Money doesn’t grow on trees but that doesn’t mean that going green and making green are mutually exclusive. With the economy locked in a choke-hold due to its over dependence on gas and oil, there is a growing interest in alternative energy. For the past several years, more companies around the world have realized how important it is to protect and preserve our planet, spurred on in part by the possibility of a tax incentive. In an effort to motivate corporations into jumping on the green bandwagon, in 2005, Congress passed an Energy Bill that offered subsidies for companies implementing clean energy technologies. Companies like GE have embraced the change by implementing environmentally friendly policies, while companies like the wind turbine company Vestas (VWDRY) developed several new environmentally advanced technologies of its own. For you, the environmentally conscious and socially responsible investor, there are now plenty of options available.
Green investments are investment vehicles such as stocks, bonds, ETF’s and mutual funds of companies that produce energy efficient or environmentally friendly products. Businesses that have modified all or part of their facility operations to become environmentally conscious are also considered to be part of the green movement. Some, like the French mineral water company, Vittell, even pay farmers on the land above its equifiers to use fewer chemicals in an effort to diminish the possibility of chemicals seeping into the water.
With President Obama calling for growth in employment opportunities in corporations that manufacture solar panels, wind turbines and energy efficient equipment, it is likely more corporations will fall into the green investments category. Companies going “green” are implementing what is known as socially responsible initiatives (SRI). These include anything from promoting recycling programs to introducing electric cars or protecting parts of the rainforest from deforestation.
For a company to be considered green, fund managers screen them to make certain the company fits the particular funds’ philosophy or cause. For example, an environmentally neutral fund might eliminate industries from its’ portfolio which perform animal testing, manufacture weapons or have significant environmental issues. The Domini 400 Social Index (KLDDSI), which was the first socially responsible index launched in 1990, follows 400 large cap US corporations selected based on social and environmental standards. The Portfolio 21 (PORTX) fund concentrates on small-cap (less than 1 billion in market capitalization) clean-techs and large-caps with sustainability programs.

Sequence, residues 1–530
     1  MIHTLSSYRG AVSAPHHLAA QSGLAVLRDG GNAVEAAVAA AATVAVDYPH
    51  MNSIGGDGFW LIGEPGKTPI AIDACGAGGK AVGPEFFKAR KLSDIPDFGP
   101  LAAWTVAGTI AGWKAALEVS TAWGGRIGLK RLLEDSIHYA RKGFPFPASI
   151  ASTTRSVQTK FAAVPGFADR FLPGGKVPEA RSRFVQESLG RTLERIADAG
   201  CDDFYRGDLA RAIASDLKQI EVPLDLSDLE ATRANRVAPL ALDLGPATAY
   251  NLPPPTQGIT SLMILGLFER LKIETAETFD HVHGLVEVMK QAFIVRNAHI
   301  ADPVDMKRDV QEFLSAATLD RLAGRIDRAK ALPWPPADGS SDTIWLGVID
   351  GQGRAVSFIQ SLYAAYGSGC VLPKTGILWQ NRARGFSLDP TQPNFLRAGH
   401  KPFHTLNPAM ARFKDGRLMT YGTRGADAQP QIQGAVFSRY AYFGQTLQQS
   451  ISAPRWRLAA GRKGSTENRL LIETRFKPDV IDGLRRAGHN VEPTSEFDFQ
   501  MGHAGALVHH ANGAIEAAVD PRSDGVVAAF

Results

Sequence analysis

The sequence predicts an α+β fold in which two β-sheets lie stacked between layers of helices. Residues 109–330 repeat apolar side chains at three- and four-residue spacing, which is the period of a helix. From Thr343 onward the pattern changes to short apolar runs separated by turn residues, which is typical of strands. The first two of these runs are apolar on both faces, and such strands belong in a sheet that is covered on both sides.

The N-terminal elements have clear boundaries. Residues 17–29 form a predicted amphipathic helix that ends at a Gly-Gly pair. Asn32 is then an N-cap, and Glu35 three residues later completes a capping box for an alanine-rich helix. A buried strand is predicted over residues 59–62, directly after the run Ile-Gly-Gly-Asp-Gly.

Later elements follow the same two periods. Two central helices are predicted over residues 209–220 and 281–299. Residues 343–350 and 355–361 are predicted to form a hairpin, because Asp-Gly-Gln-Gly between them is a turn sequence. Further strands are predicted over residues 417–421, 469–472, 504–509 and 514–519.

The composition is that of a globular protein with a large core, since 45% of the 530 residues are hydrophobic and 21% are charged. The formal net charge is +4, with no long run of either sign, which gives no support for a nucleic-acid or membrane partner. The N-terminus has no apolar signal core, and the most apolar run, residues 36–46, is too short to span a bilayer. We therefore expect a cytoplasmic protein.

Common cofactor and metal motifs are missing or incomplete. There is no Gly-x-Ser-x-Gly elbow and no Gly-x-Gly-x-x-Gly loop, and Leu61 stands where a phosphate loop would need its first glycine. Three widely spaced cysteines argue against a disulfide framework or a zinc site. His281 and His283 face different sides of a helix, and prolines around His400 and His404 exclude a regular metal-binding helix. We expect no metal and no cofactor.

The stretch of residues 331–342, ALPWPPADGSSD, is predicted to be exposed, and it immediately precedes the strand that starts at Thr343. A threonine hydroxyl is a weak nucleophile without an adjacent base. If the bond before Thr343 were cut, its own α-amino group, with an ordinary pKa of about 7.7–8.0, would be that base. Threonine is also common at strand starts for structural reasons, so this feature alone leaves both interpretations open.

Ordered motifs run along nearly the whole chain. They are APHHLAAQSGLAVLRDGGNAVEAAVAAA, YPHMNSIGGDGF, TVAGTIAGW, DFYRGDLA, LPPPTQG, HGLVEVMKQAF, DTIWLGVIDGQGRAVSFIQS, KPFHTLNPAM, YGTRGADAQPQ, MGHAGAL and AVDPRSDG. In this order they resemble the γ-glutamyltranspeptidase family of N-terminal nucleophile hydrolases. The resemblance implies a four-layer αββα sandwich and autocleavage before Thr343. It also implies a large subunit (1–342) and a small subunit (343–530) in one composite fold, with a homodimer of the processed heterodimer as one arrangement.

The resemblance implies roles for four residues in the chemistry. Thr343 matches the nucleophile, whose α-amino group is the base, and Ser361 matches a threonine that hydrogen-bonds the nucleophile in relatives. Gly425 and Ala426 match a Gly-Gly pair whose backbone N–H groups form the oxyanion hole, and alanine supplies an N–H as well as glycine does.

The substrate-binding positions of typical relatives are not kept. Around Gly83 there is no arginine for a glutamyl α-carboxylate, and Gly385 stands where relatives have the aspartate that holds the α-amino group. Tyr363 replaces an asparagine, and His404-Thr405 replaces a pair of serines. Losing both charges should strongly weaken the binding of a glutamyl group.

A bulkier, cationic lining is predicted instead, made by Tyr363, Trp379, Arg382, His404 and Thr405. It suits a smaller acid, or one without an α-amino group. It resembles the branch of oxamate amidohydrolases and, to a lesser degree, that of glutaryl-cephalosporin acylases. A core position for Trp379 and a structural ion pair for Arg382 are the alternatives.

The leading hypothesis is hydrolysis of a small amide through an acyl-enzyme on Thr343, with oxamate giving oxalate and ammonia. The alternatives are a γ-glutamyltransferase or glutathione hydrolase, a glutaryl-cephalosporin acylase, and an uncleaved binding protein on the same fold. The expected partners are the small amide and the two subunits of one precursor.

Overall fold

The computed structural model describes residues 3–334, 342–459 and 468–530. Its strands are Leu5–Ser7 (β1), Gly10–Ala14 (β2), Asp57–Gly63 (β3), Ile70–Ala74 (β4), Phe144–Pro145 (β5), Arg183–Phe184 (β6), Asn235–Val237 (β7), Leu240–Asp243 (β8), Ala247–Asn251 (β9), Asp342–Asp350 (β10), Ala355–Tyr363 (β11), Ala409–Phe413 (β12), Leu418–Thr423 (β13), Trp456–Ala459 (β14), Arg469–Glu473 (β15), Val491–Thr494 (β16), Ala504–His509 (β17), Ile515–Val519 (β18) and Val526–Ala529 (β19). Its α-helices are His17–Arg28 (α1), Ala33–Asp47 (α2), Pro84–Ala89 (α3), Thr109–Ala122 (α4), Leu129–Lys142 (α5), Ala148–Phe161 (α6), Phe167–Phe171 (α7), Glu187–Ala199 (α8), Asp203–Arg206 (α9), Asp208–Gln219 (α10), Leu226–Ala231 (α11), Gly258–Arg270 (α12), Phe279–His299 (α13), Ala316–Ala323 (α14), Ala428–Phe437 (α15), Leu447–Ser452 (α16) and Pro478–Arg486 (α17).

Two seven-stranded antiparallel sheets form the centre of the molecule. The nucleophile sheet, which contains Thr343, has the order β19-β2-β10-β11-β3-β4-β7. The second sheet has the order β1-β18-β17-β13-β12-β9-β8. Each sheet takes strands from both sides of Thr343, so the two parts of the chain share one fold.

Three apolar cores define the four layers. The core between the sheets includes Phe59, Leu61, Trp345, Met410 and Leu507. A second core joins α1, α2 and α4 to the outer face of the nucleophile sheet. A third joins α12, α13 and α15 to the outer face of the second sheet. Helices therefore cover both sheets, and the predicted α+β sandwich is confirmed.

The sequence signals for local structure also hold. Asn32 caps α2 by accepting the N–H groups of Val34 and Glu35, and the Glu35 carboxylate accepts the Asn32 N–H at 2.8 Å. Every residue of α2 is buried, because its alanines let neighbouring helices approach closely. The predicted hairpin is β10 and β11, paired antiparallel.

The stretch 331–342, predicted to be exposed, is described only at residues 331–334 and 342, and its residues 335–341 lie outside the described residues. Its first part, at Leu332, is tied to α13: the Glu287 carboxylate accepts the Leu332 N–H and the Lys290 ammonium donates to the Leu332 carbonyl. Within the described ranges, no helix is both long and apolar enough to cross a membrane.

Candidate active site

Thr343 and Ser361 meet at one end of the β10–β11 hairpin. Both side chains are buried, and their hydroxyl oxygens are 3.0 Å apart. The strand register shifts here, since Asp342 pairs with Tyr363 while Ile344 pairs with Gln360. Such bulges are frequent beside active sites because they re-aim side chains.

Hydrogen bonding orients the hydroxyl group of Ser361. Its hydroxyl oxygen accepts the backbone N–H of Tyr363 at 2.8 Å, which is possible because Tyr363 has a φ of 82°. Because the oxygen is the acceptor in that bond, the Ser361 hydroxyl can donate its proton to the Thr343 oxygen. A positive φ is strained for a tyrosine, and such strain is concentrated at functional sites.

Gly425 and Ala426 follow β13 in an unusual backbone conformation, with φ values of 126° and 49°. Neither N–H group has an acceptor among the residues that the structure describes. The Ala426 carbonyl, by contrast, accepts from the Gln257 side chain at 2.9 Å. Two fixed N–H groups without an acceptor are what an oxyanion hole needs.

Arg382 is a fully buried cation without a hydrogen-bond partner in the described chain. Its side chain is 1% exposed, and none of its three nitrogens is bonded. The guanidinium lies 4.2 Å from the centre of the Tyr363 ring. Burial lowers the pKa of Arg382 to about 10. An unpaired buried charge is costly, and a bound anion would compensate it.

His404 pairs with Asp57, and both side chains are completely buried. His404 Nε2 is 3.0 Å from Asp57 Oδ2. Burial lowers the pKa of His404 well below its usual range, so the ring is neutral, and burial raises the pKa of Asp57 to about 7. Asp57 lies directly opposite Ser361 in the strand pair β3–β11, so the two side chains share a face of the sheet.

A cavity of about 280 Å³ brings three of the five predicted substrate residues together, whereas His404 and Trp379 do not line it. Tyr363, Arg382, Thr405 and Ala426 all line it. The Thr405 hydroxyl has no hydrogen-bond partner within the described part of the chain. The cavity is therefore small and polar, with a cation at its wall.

The Social Investment Forum, a national membership association that focus on socially and environmentally responsible companies, keeps track of the financial performance of socially responsible balanced, bond (fixed income), equity large, medium and small caps and international global foreign funds. Socially responsible investments can also be listed as mission investing, ethical investing and sustainable investing. According to the Social Investment Forum, as of 2007, there were 260 socially screened mutual fund products in the US with assets of $201.8 billion compared to 55 SRI funds in 1995 with only $12 billion in assets. Given the growth in the number of companies going green or adopting green policies, it is likely you will see many more green investment vehicles.
The green sectors are alternative energy which is energy generated from the sunlight, wind or water that can be replenished naturally, carbon offset or carbon neutrality which means maintaining the balance between producing and using carbon-dioxide emissions by let’s say, planting trees, and energy efficiency or cooling, heating and lighting of buildings more efficiently. Some other sectors include environmental tech, that is, specializing in air and water quality and waste management, reducing emissions by pollution control and carbon capture and green projects that involve education, food distribution and recycling programs.
Several companies are making great strides in the way they use our current technology to reuse products, while others have developed new and improved methods. Nova Biosource Fuels (NBF) for example, takes slaughterhouse leftovers and turns rendered fat into diesel fuel. An alternative fuel company, Gushan Environmental (GU) makes biodiesel from used cooking oil at plants throughout China. United Technologies (UTX) develops more efficient helicopters and jet engines while First Solar (FSLR) makes the solar industries lowest-cost thin film solar panel.
Investing in any stock can be risky and green stocks are no exception. It is important to do thorough research before putting money down on any particular stock, bond, fund or whatever investment vehicle you choose. Many of the green companies are still new and riskier due to their innovative technologies. A good way to get your feet wet is by balancing your portfolio adequately with low to moderately risky investments, this will help diversify and prepare your portfolio to weather any stock market storm.